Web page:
Conflicts of Interest

The author declares no conflicts of interest regarding the publication of this paper.

Cite this paper

Chung, D.-Y. (2018) Pseudoscalar Top-Bottom Quark-Antiquark Composite as the Resonance with 28 GeV at the LHC: Hadron Masses and Higgs Boson Masses Based on the Periodic Table of Elementary Particles. Journal of Modern Physics, 9, 2638-2656. https://doi.org/10.4236/jmp.2018.914164

References

- 1. CMS Collaboration (2018) Search for Resonances in the Mass Spectrum of Muon Pairs Produced in Association with b Quark Jets in Proton-Proton Collisions at s√= 8 and 13 TeV. arXiv:1808.01890 [hep-ex].
- 2. Chung, D. (1998) Speculations in Science and Technology, 21, 277-289. https://doi.org/10.1023/A:1005513404873
- 3. Chung, D. (2014) Journal of Modern Physics, 5, 1234-1243. https://doi.org/10.4236/jmp.2014.514123
- 4. Chung, D. (2018) Journal of Modern Physics, 9, 2308-2319. https://doi.org/10.4236/jmp.2018.913146
- 5. Chung, D. (2016) Journal of Modern Physics, 7, 1591-1606. https://doi.org/10.4236/jmp.2016.712144
- 6. Chung, D. (2014) Journal of Modern Physics, 5, 1467-1472. https://doi.org/10.4236/jmp.2014.515148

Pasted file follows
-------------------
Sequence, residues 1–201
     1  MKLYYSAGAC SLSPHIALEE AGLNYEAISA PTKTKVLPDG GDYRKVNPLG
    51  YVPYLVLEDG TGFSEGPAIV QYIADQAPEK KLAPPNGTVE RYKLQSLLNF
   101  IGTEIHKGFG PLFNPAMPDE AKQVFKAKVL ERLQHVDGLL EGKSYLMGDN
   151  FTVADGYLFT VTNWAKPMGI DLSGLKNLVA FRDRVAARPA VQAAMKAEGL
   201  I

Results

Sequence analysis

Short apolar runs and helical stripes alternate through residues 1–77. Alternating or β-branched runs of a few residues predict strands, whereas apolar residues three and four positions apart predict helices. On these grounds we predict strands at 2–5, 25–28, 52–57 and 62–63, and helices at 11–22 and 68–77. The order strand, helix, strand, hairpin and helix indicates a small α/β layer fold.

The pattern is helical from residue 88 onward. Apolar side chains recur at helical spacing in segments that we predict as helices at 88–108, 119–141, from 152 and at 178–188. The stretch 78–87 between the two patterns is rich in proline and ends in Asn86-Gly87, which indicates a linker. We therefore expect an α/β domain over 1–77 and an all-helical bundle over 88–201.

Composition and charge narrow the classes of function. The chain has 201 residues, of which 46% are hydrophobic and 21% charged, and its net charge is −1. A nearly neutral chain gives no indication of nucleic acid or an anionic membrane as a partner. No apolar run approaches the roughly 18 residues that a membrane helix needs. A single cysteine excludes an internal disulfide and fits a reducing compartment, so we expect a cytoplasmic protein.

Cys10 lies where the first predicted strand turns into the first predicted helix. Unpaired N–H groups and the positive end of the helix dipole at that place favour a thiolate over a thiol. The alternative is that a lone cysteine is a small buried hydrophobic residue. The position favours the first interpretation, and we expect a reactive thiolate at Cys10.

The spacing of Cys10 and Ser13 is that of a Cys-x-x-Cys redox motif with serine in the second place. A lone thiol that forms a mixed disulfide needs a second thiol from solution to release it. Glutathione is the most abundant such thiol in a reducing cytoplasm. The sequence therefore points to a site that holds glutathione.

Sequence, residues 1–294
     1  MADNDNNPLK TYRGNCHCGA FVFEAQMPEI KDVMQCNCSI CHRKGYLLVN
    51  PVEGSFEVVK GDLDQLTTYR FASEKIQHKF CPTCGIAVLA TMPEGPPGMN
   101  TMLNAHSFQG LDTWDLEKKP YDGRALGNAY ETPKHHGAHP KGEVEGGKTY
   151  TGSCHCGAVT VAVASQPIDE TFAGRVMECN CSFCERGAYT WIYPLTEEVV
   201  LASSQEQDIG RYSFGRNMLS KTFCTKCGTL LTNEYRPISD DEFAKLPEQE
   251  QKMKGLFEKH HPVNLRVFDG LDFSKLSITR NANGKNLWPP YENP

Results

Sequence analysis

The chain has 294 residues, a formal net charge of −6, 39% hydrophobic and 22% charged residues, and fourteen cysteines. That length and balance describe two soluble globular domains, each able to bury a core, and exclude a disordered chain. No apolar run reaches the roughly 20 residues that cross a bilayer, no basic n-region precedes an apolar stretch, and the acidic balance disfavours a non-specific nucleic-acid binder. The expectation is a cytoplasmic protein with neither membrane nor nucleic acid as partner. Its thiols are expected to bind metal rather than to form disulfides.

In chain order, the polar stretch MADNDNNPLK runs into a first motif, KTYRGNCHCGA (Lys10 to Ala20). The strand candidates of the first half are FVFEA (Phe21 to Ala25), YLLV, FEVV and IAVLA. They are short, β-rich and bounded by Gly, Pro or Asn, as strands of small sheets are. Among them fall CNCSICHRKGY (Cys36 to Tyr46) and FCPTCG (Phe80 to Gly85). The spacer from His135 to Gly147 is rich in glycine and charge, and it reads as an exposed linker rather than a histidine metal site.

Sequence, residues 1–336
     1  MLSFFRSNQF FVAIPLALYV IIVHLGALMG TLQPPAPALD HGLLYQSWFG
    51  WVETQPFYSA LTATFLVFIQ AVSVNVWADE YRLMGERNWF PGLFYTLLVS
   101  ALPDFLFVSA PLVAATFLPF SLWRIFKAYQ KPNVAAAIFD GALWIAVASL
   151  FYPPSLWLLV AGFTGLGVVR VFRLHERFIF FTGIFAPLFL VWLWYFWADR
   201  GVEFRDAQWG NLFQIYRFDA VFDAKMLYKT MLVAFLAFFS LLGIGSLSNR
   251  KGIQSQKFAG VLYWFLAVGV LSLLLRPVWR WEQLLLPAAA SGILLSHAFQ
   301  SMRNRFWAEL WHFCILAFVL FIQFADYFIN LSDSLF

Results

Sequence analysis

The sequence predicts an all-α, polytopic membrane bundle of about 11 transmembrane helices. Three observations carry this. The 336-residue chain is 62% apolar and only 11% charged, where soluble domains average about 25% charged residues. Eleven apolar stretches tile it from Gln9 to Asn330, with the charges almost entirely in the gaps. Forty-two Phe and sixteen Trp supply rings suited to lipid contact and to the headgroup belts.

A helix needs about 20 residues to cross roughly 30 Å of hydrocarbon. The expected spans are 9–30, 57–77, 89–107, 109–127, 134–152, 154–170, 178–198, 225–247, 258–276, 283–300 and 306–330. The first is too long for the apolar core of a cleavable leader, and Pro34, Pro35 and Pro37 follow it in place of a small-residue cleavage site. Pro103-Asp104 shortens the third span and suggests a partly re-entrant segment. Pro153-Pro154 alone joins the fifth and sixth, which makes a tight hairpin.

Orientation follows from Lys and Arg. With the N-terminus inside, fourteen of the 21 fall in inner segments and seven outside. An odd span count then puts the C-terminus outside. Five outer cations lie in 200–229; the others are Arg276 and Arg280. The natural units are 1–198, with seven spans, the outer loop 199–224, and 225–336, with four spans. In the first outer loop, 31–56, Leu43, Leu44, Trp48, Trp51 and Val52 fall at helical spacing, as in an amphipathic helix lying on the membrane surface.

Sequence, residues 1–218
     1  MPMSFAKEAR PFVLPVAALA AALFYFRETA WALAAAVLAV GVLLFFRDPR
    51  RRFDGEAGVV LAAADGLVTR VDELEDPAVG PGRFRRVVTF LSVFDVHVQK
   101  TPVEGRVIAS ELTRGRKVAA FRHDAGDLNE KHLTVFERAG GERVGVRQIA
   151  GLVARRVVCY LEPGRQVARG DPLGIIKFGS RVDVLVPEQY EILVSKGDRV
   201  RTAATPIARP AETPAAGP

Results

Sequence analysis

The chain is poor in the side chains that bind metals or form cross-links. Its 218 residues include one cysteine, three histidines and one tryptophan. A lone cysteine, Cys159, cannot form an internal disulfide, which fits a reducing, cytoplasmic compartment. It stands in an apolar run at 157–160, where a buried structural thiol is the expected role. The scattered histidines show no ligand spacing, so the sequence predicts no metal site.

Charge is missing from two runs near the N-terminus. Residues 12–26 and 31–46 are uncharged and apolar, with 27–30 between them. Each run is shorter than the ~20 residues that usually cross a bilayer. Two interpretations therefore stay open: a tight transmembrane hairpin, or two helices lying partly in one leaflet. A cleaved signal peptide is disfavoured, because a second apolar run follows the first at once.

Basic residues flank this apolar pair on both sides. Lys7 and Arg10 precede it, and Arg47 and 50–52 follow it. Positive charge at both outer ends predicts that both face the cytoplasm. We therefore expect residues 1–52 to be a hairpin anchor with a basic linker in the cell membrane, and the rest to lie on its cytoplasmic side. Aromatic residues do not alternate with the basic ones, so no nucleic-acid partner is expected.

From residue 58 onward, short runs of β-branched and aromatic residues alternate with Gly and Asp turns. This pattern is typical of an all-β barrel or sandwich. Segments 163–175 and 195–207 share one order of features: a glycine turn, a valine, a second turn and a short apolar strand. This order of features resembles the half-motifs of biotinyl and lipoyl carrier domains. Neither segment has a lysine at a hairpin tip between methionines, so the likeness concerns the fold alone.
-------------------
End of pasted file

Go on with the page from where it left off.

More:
- 7. Fujita, J. and Miyazawa, H. (1957) Progress of Theoretical Physics, 17, 360-365. https://doi.org/10.1143/PTP.17.360
- 8. Kamilla, R., Wu, X. and Jain, J. (1996) Physics Review Letters, 76, 1332. https://doi.org/10.1103/PhysRevLett.76.1332
- 9. Jain, J. (2007) Composite Fermions. Cambridge University Press, New York. https://doi.org/10.1017/CBO9780511607561
- 10. Particle Data Group (2018) Physical Review D, 98, 030001. https://doi.org/10.1103/PhysRevD.98.030001
- 11. Barut, A. (1979) Physical Review Letters, 42, 1251. https://doi.org/10.1103/PhysRevLett.42.1251
- 12. Krasznahorkay, A. et al. (2016) Physical Review Letters, 116, Article ID: 042501. https://doi.org/10.1103/PhysRevLett.116.042501
- 13. Feng, J. et al (2016) Physical Review Letters, 117, Article ID: 071803. https://doi.org/10.1103/PhysRevLett.117.071803